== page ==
- Posted November 16, 2012 by
Sikhs, Jains and Buddhists Covered by term Hindus
A Sikh activist, in a frenzy of self-righteousness, Birendra Kaur has dragged the judiciary and Government of India into a Constitutional and legal dispute over the scope of the word ‘Hindu’. She objects to the use of the word in the Constitution of India and jurisprudence as covering Hindus, Sikhs, Buddhists and Jains. She feels it is a denial of identity to the last three minor religious groups. She has forgotten that when the constitution of India was written, the two Sikh representatives – did not have any objection to use to Hindu to cover all Non-Muslim, Non Christian and Non-jew communities.
Earlier the Punjab & Haryana High Court in Chandigarh had dismissed her petition. But a division bench of the Supreme Court led by Chief Justice Altamas Kabir has discovered merit in her contention. It is surprising because ‘Hindu Laws’ have been a valid entity in Indian courts of law since British times. They have been applied on Sikhs, Jains and Buddhists etc. The Constitution of India actually came much later. So the Apex Court already had the best answer. But it chose to issue notices to the Union Government as well as the Attorney General to respond within six weeks.
The petition prima facie appears rhetorical. It stems from identity politics but lacks legal ballast. It has not grappled with the question from the point of jurisprudence. The makers of the Constitution were not dimwits, nor were they Hindu supremacists. Dr BR Ambedkar, Chairman of the Drafting Committee of the Constitution, was a fine legal brain and his views about Hinduism were not exactly flattering. Then why did he include Sikhs, Buddhists, and Jains etc under the appellation ‘Hindu’ in the Constitution (vide Article 25)? And how did it pass muster at the Constituent Assembly that was representative of the whole of India?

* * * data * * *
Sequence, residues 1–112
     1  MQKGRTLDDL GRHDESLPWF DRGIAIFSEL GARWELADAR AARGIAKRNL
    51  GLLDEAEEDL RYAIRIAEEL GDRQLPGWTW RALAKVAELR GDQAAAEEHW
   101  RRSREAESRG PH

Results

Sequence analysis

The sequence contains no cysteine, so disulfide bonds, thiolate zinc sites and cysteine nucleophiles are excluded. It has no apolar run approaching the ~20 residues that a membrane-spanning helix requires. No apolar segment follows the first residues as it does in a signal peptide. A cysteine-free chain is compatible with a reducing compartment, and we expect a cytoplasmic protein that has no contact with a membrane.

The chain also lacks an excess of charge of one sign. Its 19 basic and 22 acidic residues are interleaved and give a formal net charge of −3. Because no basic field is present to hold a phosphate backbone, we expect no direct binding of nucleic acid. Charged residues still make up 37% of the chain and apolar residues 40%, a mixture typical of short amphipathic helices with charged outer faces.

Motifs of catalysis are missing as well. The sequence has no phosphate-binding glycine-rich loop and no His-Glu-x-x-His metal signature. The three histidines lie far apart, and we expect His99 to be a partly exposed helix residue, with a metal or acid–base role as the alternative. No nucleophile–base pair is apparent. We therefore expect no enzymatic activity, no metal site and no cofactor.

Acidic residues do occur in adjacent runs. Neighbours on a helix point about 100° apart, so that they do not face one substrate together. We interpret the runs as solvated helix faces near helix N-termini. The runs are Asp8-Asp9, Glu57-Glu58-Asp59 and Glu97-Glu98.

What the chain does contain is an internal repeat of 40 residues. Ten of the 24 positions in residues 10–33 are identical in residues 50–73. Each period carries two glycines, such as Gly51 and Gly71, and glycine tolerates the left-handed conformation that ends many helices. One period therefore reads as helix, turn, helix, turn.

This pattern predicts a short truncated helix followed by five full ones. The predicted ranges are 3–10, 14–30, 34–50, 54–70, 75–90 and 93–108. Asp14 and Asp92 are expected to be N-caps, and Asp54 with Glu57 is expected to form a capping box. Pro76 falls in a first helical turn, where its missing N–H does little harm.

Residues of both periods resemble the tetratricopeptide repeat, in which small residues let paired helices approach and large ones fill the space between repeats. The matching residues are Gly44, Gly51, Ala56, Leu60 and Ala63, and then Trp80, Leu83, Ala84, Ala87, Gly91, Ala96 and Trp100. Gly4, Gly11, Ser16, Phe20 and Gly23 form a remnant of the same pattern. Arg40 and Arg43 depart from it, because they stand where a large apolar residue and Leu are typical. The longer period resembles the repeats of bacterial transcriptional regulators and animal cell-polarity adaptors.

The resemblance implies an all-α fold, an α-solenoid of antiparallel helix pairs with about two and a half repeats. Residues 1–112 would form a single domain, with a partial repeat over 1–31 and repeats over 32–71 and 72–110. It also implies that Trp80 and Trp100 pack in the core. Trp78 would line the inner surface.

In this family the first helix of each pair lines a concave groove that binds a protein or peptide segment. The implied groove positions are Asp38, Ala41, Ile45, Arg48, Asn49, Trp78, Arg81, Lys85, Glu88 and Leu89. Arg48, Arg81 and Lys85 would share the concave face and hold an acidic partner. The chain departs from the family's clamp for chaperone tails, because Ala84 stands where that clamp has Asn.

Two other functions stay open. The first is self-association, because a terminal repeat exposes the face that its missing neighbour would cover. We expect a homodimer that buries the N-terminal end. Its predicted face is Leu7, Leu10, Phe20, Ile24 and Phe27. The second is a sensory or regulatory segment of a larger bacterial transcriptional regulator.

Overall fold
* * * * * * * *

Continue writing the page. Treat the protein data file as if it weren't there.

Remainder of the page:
The religious practices of the Sikhs, Jains and Buddhists may vary from those of the Hindus. But what is the position as far as jurisprudence is concerned? Traditionally, they had no codified jurisprudence except what was derived from Brahmanical sources like Dharmasutras, Smritis and Nibandhs. And they shared customary laws as applicable to their Hindu neighbours. This put them on an entirely different footing than Muslims, Christians, Jews and Parsis who came to India with their own laws. The founders of Sikhism, Jainism and Buddhism were spiritual leaders who guided people on how to live an ethical life and attain salvation. They never tried to amend the laws of marriage, adoption, inheritance and succession and left them to the usages of the period and region.
Juristic texts like those by Manu, Yajnavalka, Vishnu, Narada etc were composed by adherents of Vedic tradition. The followers of Buddhism, Jainism or Sikhism are not known for writing any juristic texts or pressing for any legal reform. Buddha spent upwards of 40 years, post-enlightenment at Bodhgaya, devising minutest laws of conduct (Vinaya) for his monastic order. But he laid down no laws for laymen. Nor did he agitate for reformation of the Hindu penal code, where punishment was caste-specific. Historically Buddhism has been in the monastic domain and has left society largely unreformed.